D.M. Lloyd-Jones – The First Forty Years by Iain H. Murray

Murray, Iain H. D.M. Lloyd-Jones: The First Forty Years 1899-1939. Edinburgh: The Banner of Truth Trust, 1982.  394 pp.  $36.00.  Purchase at Westminster for $25.20.


Most readers here at Christian Book Notes will know that I am big fan of Dr. Martyn Lloyd-Jones.  One of the first books I ever reviewed was the new, at the time, biography by Iain H. Murray on the Doctor entitled Messenger of Grace.  I have also been extremely blessed to interview one of his grandchildren, Jonathan Catherwood.  I began reading this particular book as part of my “enjoyment reading” in which I had no intentions of writing a review.  I am planning on reading through everything that Dr. Lloyd-Jones has published.  Most of it is available here.


In essence, Murray takes the reader from birth to the call to become a minister at Westminster Chapel in London, England.  You will read about ML-J’s conversion experience–not unlike many who thought they were saved only to be shown that they truly were not.  You will learn of his time studying medicine–which is how he became affectionately known as the Doctor.  You will meet a young Bethan Lloyd-Jones who really wanted nothing to do with him…at first. Finally, you will see him wrestle with his call to the pastoral ministry.  Even though he fled from the public eye, the fact that he left medicine to become a pastor was an event that caught the eye of most in both Wales and London, England.

As you read about his first charge as a lay-preacher in Aberavon, Sandfields, you will see that he quickly became a much sought after itinerant evangelistic preacher. He would preach all over Wales in both Welsh and English sometimes in the same sermon.  You will discover early influences in his preaching ministry and pastoral convictions.  You will conclude with his believing his time at Aberavon was coming to an end even though he wanted to remain.  Sadly, for him at the time, he found that the Lord was calling him to London, England.  The volume pretty much ends with Lloyd-Jones accepting the call to join G. Campbell Morgan in the pulpit at Westminster on the same day that England entered into World War II.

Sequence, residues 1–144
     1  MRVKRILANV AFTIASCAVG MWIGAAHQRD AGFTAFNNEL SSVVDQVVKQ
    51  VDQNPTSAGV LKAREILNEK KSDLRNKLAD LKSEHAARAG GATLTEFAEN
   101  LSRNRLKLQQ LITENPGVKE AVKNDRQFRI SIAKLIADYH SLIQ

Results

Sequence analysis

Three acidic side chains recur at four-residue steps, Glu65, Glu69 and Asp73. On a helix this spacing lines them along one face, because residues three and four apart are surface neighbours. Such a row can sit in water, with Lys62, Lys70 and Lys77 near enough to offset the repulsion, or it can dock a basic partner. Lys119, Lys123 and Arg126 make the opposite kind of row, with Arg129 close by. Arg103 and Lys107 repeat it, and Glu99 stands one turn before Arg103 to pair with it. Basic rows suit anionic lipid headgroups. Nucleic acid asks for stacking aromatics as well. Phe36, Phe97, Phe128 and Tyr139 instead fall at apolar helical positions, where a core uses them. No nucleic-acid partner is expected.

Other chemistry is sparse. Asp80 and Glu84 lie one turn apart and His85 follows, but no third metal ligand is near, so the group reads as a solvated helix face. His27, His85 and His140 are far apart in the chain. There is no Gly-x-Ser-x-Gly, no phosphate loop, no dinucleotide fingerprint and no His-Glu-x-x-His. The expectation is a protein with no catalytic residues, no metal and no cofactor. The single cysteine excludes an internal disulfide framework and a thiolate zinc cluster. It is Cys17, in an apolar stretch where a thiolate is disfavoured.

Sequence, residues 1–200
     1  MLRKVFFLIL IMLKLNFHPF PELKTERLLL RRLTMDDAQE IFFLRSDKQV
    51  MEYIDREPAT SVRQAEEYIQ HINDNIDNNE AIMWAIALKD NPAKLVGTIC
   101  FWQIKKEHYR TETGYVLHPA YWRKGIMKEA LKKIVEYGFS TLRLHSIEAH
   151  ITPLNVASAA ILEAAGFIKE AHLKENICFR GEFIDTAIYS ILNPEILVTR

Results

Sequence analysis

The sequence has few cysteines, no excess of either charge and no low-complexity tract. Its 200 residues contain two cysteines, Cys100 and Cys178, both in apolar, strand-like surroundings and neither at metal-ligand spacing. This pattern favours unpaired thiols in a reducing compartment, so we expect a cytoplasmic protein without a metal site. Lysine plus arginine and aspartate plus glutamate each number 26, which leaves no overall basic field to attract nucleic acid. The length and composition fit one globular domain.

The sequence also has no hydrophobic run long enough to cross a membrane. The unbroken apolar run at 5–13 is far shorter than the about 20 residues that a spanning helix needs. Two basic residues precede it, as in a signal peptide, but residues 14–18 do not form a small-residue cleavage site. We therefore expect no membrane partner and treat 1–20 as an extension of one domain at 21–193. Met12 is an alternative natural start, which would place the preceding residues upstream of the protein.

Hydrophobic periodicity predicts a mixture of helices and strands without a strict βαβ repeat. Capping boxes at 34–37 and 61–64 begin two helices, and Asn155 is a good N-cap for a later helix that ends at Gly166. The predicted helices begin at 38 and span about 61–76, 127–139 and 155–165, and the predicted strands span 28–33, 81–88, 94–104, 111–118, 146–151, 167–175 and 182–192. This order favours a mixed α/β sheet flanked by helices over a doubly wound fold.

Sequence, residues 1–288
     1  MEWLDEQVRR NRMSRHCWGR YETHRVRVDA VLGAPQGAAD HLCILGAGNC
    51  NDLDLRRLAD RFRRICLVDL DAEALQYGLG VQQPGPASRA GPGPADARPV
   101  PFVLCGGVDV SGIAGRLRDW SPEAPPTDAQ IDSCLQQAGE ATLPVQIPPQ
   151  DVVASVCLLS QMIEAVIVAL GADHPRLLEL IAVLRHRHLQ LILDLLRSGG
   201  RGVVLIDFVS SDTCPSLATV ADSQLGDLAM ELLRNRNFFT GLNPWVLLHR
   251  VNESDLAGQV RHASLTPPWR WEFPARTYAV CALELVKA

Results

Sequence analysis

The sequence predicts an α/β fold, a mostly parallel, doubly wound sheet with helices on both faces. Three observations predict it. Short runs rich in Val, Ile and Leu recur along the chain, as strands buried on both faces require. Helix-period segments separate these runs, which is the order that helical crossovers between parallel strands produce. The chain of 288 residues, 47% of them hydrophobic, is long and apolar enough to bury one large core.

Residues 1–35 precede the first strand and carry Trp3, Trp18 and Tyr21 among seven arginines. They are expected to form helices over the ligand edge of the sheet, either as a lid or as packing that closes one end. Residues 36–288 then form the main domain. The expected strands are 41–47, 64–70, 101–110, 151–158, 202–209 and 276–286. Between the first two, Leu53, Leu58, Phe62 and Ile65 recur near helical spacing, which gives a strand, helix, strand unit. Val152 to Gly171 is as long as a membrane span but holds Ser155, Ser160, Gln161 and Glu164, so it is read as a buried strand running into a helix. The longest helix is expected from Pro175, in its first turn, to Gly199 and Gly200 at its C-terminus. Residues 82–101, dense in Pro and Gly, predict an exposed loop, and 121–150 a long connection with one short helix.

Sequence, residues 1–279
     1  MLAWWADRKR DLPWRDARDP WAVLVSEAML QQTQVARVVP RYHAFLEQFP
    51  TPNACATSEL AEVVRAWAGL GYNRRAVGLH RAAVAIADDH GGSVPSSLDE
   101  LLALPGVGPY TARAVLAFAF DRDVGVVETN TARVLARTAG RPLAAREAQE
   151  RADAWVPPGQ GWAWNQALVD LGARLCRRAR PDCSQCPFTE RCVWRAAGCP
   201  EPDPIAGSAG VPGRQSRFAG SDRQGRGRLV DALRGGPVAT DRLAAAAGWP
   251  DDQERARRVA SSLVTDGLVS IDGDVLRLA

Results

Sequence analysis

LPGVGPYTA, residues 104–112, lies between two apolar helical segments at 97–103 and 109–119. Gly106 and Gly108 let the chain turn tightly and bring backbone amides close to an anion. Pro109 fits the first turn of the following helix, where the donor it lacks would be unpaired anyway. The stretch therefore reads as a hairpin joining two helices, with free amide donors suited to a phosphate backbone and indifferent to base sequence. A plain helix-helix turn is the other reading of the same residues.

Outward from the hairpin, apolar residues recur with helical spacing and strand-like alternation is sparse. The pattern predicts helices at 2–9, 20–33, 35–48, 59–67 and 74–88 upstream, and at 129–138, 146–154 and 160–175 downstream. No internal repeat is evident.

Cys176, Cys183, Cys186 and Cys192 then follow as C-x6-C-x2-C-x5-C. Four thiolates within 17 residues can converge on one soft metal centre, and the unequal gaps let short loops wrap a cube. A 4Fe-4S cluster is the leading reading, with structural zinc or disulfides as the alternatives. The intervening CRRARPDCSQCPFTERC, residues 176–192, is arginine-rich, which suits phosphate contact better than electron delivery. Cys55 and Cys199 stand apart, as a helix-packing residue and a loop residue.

There is much to be learned from the life of ML-J.  Most do not get beyond his sermons available at OnePlace.com.  There were many interesting aspects that formed the ministry of young ML-J that lead to his later convictions of the way the ministry ought to be handled.  Perhaps for me, as a pastor, was the way in which he sought to exegete Scripture.  In essence, he did what I was taught in class despite never having any seminary “training.”  In that aspect, he and C.H. Spurgeon were one in the same.  His preaching of our sin and how horrible that is to God would be an excellent starting place for the church at large today.  His thoughts on revival–which he experienced some of while at Abravom–rival those of Jonathan Edwards.


As I stated above, I had no intentions of writing a review on this book.  While reading it, however, I felt that people need to know more about ML-J.  Young pastors today would do well to read volume one of Murray’s two-volume biography as they will see how a man of God goes about his work as a pastor.  For those who are not in the ministry, reading this biography will shed much light on pastors and theologians today like John Piper and Alister Begg as well as teachers like Don Whitney and Michael Haykin.  This is a fairly long, albeit, easy read and definitely one I would recommend you persevering through even though volume two is looming!